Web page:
If you need emergency dental treatment out of practice working hours please call 01902 763200 for information on what to do.

Emergency Dental Problems

Any dental emergency like an injury to the teeth or gums can be potentially serious and should not be ignored. Ignoring a dental problem can increase the risk of permanent damage as well as the need for more extensive and expensive treatment later on.

Below is a list of common dental problems -

Toothache -

    1. Thoroughly rinse your mouth with warm salt water and use dental floss to remove any food that may be lodged in-between the teeth.
    2. If your mouth is swollen apply a cold compress to the outside of your cheek
    3. Never hold aspirin/clove oil or any other painkiller against the gum next to the tooth in question. As it may result in a gum burn or hinder diagnostic procedures.
    4. Take over the counter analgesics if required such as Paracetamol.
    5. Book an appointment to see the dentist ASAP.

Chipped/Broken Tooth -

    1. Save any pieces.
    2. Rinse the mouth using warm water; rinse any broken pieces.
    3. If there's bleeding, apply a piece of gauze to the area for about 10 minutes or until the bleeding stops.
    4. Apply a cold compress to the outside of the mouth, cheek, or lip near the broken/chipped tooth to keep any swelling down and relieve pain.
    5. Book an appointment to see the dentist ASAP.

Tooth knocked out of the mouth -

    1. Retrieve the tooth and hold it by the crown (the bit that can usually be seen in the mouth).
    2. Rinse the tooth off with milk if it is dirty or saline if you have access to it. Do not scrub it or remove any attached tissue fragments.
    3. If possible, try to put the tooth back in place. Make sure it's facing the right way. Never force it into the socket.
    4. If it's not possible to reinsert the tooth in the socket, put the tooth in a small container of milk or again saline solution if you have access to it.
    5. In all scenarios see your dentist as quickly as possible. Knocked out teeth with the highest chances of being saved are those seen by the dentist and returned to their socket within 1 hour of being knocked out.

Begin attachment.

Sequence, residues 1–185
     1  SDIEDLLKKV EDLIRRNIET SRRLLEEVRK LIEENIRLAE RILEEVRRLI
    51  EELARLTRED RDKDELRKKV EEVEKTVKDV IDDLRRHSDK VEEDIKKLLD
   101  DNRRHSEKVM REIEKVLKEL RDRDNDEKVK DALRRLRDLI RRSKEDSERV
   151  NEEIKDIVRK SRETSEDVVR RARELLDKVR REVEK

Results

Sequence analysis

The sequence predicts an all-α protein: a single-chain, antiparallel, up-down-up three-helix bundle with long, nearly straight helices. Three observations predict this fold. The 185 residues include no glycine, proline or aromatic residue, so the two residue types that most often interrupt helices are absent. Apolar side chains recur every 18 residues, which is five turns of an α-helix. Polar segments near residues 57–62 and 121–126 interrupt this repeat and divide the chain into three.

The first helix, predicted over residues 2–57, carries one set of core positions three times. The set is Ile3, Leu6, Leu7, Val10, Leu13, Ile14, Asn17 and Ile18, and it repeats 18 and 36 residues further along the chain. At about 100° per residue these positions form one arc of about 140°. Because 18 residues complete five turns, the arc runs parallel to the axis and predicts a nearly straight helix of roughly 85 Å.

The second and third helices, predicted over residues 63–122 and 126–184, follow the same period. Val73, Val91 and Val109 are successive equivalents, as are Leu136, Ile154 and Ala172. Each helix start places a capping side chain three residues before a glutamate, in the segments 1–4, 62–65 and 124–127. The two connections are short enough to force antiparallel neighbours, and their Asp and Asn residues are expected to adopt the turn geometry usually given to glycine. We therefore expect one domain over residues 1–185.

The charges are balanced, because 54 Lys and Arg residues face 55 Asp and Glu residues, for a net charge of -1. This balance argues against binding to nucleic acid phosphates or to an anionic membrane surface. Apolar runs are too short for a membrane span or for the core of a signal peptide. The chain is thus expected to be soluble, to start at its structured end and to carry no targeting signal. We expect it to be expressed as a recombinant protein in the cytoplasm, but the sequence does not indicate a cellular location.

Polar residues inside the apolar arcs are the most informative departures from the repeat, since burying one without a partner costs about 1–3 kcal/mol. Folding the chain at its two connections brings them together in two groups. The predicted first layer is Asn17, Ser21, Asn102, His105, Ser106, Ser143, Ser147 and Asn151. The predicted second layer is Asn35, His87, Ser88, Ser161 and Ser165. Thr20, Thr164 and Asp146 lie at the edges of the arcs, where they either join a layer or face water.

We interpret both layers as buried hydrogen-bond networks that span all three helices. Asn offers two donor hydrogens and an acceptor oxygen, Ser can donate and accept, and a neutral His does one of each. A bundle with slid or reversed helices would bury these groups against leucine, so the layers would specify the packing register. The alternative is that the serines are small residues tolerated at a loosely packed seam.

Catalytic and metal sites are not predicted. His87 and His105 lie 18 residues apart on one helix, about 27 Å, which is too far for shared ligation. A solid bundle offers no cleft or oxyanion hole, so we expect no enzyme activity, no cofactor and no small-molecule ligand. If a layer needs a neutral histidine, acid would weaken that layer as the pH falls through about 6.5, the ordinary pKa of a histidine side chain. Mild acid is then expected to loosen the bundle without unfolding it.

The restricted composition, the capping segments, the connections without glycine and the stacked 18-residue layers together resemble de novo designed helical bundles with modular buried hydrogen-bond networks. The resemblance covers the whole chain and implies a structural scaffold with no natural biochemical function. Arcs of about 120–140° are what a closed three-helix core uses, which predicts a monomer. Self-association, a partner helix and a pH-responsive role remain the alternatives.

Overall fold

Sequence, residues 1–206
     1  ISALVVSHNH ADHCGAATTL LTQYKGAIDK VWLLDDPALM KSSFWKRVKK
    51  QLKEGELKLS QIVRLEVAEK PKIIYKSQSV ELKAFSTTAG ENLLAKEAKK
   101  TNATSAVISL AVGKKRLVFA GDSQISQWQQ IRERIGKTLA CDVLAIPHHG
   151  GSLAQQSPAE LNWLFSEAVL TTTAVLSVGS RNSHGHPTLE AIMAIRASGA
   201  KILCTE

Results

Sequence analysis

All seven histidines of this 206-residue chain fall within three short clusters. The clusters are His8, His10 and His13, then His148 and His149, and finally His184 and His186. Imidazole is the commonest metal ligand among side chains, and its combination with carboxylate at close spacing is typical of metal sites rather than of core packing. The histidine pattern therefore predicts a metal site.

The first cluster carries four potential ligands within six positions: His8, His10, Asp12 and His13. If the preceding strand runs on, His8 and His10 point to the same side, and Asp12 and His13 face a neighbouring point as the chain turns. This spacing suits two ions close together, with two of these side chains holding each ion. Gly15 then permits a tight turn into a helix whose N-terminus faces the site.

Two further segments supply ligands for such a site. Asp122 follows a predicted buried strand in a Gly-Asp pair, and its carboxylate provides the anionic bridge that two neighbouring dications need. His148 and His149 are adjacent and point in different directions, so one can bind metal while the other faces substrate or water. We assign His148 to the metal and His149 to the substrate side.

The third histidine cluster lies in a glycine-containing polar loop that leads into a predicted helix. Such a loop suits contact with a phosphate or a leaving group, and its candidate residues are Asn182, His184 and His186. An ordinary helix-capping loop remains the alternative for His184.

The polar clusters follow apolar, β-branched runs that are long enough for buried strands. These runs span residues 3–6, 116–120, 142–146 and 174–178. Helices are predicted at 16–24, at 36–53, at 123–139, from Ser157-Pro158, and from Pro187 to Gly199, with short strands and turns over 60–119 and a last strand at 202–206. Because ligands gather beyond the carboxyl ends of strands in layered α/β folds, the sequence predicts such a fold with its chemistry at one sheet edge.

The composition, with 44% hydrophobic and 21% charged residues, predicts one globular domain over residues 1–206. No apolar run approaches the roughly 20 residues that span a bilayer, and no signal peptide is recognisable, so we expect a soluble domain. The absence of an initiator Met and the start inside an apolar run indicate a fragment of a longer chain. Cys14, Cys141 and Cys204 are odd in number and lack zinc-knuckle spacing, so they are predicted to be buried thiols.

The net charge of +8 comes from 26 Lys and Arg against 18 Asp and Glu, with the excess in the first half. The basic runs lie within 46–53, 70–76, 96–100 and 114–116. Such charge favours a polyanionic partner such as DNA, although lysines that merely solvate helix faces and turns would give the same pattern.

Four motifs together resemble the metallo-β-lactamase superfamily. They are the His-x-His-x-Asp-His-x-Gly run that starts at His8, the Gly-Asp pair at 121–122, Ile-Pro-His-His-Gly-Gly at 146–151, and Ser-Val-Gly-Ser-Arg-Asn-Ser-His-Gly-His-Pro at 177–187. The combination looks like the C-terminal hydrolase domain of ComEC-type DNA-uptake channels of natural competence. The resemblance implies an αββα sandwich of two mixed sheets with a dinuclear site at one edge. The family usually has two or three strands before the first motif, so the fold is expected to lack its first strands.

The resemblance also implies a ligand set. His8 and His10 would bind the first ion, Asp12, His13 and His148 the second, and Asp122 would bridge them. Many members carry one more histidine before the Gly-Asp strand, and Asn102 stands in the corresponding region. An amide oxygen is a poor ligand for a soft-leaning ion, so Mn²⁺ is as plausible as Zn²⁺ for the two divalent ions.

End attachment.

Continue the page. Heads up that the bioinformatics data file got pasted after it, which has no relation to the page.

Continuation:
Extruded tooth (partially dislodged tooth) -

    1. Apply a cold compress to your face over the affected area.
    2. Take over the counter painkillers if required.
    3. Book an appointment to see the dentist ASAP.

Lost filling/crown -

    1. As a temporary measure you could use an over the counter temporary dental cement however these can be fiddly. Do not use super glue!
    2. Book an appointment to see the dentist ASAP always bring the broken or de-cemented restoration with you.

Broken brace wire or lost bracket -

    1. If a wire breaks or sticks out of a bracket or band and is poking your cheek, tongue, or gum, try using the eraser end of a pencil to push the wire into a more comfortable position. If you can't reposition the wire, cover the end with orthodontic wax, a small cotton ball, or piece of gauze until you can get to your orthodontist's office. Never cut the wire, as you could end up swallowing it or breathing it into your lungs.
    2. If the problem is a loose bracket or band and save it.
    3. Book an appointment to see the orthodontist to have it repaired.

Dental abscess -

    1. Abscesses are infections that occur around the root of a tooth or in the space between the teeth and gums. Abscesses are a serious condition that can damage tissue and surrounding teeth, with the infection possibly spreading to other parts of the body if left untreated.
    2. To ease the pain and draw the pus toward the surface, try rinsing your mouth with a mild salt water solution (1/2 teaspoon of table salt in 8 ounces of water) several times a day.
    3. Take over the counter pain killers as required.
    4. Book an appointment to see the orthodontist to have it repaired.

Injuries to the tongue, cheek, gums and lip - to stop the bleeding

    1. Rinse your mouth with a mild salt-water solution.
    2. Use a moistened piece of gauze or tea bag to apply pressure to the bleeding site. Hold in place for 15 to 20 minutes.
    3. To both control bleeding and relieve pain, hold a cold compress to the outside of the mouth or cheek in the affected area for 5 to 10 minutes.
    4. If the bleeding doesn't stop, see your dentist right away or go to a hospital A&E department. Continue to apply pressure on the bleeding site with the gauze until you can be seen and treated.